I recently had the opportunity to look at the museum’s collection of curtain papers, a lesser known group in the Wallcoverings department. A visiting paper conservator from the UK’s National Trust was researching curtain papers and while in New York on a courier trip stopped by to see Cooper Hewitt’s examples.
Not much is known about how or why curtain papers were used. The papers are all printed with decorative patterns and given a very fine embossing which would facilitate draping. They were styled and hung like regular fabric curtains. The size of the panels vary greatly, from a few feet in length, up to twelve feet. Multiple widths of paper were sewn together to make wider panels, and all the outer edges were seamed. No hardware remains but a cloth tape sewn along the top edge retains evidence of being pleated. The sets also came complete with tie-backs.
The larger panels could only be used for exterior windows, and the ephemeral nature of paper begs the question “why paper curtains?” My thought has been that these curtains were maybe used in country houses, or possibly put up in the summer months when the heavier drapes were being cleaned. But if you left your window open and it rained, your curtains would be ruined.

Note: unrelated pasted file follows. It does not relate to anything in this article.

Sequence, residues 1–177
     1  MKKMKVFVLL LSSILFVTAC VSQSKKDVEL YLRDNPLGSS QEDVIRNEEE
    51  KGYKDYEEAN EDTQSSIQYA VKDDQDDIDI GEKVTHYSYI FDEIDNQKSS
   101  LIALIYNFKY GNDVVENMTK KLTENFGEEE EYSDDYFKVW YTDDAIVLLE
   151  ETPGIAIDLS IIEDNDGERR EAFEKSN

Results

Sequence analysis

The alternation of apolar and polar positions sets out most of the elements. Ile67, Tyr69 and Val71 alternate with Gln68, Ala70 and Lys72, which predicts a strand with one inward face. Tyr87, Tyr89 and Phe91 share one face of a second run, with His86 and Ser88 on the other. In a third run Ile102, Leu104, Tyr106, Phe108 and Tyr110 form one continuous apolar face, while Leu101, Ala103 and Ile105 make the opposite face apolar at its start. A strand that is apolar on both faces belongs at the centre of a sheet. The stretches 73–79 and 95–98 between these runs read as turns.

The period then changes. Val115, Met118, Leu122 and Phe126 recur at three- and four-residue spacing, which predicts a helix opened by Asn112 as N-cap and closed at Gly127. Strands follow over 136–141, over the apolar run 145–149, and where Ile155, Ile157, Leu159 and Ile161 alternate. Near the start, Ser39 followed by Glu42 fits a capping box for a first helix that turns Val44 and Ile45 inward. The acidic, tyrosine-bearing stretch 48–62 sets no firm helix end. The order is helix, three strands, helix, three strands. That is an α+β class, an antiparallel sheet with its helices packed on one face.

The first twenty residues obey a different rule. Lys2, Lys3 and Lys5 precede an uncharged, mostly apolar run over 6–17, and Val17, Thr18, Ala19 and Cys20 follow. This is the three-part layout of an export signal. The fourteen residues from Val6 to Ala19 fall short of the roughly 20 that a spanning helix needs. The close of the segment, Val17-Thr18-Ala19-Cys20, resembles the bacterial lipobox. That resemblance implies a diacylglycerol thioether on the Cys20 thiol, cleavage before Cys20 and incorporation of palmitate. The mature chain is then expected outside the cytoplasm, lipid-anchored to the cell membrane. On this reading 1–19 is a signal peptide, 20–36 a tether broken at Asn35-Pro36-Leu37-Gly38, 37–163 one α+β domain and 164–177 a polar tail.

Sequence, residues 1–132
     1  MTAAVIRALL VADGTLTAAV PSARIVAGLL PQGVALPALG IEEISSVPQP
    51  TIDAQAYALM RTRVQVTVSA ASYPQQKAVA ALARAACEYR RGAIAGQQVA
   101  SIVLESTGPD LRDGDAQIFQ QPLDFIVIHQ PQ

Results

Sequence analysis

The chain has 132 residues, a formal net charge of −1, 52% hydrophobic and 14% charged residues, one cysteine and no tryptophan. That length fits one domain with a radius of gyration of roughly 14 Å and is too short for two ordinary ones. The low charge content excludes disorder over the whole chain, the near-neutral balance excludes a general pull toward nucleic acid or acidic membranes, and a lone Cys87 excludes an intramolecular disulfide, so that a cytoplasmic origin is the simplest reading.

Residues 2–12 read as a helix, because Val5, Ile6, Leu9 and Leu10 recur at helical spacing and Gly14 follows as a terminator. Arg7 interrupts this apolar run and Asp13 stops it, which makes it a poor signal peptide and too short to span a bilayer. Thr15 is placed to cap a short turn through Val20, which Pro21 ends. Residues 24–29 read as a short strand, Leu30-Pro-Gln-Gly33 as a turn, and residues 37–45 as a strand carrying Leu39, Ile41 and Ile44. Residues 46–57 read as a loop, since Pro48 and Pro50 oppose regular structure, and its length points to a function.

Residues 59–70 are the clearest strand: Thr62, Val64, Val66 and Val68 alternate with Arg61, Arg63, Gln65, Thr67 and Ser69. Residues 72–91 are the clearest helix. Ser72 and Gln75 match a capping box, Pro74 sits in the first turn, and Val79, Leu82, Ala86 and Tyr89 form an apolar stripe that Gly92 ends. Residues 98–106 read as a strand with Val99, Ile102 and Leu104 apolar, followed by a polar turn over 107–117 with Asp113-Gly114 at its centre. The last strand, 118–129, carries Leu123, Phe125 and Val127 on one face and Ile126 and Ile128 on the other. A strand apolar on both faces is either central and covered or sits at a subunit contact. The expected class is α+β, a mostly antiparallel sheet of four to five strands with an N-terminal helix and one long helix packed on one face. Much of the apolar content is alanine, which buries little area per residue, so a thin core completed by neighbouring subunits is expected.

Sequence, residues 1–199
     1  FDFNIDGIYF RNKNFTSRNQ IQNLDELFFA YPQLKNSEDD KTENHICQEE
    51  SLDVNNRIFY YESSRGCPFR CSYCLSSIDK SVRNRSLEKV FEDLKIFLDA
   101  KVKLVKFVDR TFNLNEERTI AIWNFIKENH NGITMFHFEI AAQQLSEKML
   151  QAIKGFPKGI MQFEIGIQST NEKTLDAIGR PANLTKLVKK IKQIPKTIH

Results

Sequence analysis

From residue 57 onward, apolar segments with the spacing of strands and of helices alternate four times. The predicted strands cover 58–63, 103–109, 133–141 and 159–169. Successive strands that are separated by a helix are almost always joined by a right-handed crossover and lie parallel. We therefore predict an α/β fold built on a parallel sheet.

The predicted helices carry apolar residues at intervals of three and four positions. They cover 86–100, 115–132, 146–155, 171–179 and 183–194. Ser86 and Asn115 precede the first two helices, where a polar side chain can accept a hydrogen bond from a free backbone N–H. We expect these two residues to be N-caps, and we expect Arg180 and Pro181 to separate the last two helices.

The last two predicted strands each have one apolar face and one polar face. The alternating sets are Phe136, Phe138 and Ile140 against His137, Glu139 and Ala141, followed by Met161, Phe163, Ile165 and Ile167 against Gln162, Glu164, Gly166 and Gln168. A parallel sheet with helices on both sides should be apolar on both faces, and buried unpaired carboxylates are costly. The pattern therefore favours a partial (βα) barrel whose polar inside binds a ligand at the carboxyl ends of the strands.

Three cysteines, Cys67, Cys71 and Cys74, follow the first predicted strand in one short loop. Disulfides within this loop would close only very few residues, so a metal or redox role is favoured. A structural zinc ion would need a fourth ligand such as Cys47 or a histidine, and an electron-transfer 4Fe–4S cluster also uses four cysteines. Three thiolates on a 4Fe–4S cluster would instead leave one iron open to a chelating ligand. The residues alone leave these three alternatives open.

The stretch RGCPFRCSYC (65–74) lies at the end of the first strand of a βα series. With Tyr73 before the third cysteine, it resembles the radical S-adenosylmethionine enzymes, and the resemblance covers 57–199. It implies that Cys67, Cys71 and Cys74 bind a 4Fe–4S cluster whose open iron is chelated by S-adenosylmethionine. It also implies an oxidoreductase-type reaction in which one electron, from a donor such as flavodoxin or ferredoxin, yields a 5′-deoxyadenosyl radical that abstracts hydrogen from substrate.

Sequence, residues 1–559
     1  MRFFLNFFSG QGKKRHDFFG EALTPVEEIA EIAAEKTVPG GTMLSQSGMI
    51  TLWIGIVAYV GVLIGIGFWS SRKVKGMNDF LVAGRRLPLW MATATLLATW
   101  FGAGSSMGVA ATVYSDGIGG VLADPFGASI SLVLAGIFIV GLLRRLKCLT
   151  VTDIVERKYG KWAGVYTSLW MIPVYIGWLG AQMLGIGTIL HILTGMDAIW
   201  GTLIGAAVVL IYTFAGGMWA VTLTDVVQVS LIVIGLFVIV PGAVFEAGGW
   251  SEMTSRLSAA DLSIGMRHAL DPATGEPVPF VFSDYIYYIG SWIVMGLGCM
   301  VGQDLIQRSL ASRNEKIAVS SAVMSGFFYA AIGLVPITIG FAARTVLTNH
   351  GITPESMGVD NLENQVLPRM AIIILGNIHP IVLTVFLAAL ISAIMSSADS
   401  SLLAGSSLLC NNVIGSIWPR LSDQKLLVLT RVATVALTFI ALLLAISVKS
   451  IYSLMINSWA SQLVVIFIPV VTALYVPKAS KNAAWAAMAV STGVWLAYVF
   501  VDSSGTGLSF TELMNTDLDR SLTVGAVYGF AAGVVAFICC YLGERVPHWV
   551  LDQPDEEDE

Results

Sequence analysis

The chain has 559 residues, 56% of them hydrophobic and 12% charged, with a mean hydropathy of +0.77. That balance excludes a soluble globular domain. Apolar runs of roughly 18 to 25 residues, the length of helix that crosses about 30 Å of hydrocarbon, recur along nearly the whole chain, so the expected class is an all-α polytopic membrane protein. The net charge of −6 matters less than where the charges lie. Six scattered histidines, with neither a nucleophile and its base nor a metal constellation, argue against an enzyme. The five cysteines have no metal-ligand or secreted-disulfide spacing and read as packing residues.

There are also surviving examples of curtain papers being used for bed hangings, which makes more sense. There they would be more protected from the elements and less prone to fading. It is one such example in the National Trust that prompted this conservator’s research.
One of the earliest mentions of curtain papers appears in The Boston Recorder in 1842. An advertisement from wallpaper manufacturer, J. Bumstead & Son, listed “window curtain paper, textured both sides, variable widths.” The Jeffrey & Co. sample can be dated to 1872 by a Registered Stamp printed in the selvedge.
Greg Herringshaw is the Assistant Curator in Wallcoverings.